Yikes! The harbour in Port Rowan was still frozen and covered with snow.

Unlike the 2009 trip, there was no way the small bay, west of the marina, would produce either phase of Snow Goose this year.

Looking towards the causeway we could see small pockets of open water containing small numbers of Tundra Swans.

More ice and snow when viewing the harbour from the bed and breakfast.

After an evening meal at a restaurant near the causeway, Jean and I drove along Long Point Road. We heard and observed Tundra Swans in the area surrounding Big Creek.

On Saturday morning, we woke to the calls of the nearby swans with no need to rush. The meeting place for the OFO trip was only a 10 minute drive. Add French toast with syrup from Oxford County and you could not ask for a better start to a day of birding.

Saturday's first sighting occurred during breakfast. Jean spotted a large bird flying over the harbour. It came to a rest on the ice and views through the scope supported our call of immature Bald Eagle.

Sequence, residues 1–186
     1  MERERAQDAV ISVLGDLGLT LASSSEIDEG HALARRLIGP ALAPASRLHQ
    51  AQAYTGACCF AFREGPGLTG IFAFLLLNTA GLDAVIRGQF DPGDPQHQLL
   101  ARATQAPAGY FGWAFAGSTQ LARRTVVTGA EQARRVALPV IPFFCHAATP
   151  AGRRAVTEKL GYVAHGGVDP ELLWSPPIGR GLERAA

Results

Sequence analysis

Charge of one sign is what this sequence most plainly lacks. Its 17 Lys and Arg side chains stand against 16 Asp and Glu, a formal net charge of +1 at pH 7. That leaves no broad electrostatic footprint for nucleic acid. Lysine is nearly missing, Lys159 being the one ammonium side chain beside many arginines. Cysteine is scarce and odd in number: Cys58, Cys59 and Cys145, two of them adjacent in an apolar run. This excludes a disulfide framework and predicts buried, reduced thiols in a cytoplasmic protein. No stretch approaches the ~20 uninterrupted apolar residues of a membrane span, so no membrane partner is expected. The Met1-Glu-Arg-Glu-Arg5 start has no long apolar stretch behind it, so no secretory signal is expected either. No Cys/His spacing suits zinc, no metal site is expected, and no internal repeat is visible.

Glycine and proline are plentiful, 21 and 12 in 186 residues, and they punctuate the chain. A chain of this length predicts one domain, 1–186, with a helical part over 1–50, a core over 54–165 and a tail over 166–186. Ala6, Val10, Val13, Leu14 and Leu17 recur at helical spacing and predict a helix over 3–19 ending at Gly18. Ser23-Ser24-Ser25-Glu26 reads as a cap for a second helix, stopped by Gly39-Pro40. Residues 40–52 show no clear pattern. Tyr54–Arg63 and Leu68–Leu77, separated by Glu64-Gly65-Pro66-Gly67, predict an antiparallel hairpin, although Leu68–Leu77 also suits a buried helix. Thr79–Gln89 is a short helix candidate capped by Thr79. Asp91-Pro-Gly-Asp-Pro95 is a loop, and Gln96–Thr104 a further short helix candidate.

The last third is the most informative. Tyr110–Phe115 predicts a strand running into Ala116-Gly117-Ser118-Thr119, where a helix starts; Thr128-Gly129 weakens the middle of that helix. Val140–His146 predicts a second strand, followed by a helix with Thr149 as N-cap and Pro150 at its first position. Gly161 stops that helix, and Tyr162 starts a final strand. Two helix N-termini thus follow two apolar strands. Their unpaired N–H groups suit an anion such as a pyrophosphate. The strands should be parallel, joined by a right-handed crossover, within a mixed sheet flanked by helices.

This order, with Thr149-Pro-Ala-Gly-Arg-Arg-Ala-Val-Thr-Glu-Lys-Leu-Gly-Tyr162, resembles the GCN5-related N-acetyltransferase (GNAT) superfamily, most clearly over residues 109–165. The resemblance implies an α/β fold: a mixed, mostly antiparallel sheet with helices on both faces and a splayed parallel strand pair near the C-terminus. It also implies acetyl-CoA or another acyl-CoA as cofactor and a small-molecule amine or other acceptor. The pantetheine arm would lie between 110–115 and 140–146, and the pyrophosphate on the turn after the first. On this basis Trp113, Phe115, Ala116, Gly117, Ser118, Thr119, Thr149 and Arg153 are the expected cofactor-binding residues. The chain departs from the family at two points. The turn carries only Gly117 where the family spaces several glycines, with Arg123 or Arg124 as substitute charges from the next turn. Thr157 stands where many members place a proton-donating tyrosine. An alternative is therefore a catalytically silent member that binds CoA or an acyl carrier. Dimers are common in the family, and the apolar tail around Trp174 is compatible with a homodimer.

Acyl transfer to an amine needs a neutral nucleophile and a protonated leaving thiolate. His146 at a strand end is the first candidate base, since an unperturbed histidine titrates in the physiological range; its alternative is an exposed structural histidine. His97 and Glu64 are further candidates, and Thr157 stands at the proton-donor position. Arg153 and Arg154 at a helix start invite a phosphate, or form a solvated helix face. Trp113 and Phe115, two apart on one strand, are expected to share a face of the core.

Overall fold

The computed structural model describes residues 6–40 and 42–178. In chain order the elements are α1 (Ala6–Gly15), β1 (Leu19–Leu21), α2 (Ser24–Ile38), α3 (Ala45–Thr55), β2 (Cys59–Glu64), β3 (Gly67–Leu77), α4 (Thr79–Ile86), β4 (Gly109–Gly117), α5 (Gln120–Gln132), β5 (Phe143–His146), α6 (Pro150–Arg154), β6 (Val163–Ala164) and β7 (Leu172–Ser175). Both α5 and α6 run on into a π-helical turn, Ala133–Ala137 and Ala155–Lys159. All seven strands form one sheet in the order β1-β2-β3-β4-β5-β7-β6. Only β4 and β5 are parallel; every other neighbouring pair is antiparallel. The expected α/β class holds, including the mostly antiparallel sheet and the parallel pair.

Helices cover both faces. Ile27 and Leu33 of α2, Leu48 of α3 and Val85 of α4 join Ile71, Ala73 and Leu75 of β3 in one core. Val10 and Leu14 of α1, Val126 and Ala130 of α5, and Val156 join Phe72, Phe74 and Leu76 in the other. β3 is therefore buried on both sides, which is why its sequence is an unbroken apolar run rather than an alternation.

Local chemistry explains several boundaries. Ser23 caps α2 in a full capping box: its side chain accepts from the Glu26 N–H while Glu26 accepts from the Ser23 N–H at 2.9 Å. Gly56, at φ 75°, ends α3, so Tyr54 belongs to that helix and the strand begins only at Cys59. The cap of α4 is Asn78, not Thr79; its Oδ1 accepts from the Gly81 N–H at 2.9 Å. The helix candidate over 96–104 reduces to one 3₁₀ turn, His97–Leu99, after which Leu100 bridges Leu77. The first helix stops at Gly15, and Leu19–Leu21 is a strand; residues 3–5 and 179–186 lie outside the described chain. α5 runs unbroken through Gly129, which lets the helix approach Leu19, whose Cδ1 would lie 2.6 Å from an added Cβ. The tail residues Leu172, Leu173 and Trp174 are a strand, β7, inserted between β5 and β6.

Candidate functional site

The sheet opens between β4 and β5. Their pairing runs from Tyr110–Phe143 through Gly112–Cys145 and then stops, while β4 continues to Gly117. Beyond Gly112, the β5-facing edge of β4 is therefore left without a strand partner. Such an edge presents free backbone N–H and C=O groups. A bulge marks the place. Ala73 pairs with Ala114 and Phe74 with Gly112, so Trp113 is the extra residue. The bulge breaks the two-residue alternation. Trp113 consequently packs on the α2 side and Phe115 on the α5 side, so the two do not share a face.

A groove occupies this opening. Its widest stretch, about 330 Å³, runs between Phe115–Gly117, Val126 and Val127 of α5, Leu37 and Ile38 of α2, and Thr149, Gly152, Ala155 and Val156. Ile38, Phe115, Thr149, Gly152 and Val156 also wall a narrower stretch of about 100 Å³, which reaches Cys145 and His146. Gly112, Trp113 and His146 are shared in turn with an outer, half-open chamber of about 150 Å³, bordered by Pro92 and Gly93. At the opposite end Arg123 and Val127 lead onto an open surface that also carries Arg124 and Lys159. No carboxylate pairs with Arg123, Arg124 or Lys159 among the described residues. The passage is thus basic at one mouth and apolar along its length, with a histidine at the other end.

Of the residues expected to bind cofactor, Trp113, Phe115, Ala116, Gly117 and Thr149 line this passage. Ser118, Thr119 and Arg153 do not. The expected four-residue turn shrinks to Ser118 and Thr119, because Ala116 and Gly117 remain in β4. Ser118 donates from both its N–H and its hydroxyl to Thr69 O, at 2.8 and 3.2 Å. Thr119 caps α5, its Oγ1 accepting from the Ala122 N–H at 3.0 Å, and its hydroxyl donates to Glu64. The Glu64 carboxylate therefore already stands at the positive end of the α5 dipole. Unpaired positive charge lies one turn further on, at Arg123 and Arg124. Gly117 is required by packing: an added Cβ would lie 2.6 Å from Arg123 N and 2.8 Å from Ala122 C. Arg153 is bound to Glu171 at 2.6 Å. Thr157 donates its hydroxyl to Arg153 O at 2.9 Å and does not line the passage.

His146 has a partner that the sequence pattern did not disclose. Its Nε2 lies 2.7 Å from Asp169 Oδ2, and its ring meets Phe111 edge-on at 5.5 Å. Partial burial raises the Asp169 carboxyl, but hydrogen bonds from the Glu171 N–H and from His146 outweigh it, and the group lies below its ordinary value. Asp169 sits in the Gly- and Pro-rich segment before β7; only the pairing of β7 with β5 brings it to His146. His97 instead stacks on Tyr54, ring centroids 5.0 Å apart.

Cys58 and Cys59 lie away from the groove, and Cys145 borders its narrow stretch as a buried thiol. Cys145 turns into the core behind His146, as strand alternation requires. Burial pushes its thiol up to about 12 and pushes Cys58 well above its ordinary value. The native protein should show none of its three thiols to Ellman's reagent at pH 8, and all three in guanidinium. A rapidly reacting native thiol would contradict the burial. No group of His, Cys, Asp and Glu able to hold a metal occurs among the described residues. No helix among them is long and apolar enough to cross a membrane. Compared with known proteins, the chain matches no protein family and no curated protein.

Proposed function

Less than an hour later, we met our fellow OFO members and trip leaders (Jim Heslop, Bob Stamp & John Olmsted). No stops at Booth Harbour or Port Rowan this year. 18 cars started the search for a reported Greater White-fronted Goose.

The group stopped at Dedrick Creek. We found over 40 Canada Geese, including 2 in a tree, but no lifer Greater White-fronted Goose this day.

For Jean and I, we added two species to this year's Ontario list. A pair of Northern Shovelers were spotted in the background of the flooded field and Killdeers (3) announced their return to the Long Point area.